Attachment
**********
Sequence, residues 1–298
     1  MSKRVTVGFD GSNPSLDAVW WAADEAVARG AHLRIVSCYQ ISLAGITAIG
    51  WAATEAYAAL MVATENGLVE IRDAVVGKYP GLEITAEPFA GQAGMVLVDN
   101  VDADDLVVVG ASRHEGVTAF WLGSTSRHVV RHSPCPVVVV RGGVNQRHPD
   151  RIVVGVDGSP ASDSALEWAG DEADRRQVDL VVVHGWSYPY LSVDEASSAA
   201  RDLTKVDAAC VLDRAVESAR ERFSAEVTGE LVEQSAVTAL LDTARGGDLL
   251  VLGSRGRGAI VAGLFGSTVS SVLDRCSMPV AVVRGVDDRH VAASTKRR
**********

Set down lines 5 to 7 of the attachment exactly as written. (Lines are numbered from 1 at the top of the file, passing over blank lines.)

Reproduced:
   151  RIVVGVDGSP ASDSALEWAG DEADRRQVDL VVVHGWSYPY LSVDEASSAA
   201  RDLTKVDAAC VLDRAVESAR ERFSAEVTGE LVEQSAVTAL LDTARGGDLL
   251  VLGSRGRGAI VAGLFGSTVS SVLDRCSMPV AVVRGVDDRH VAASTKRR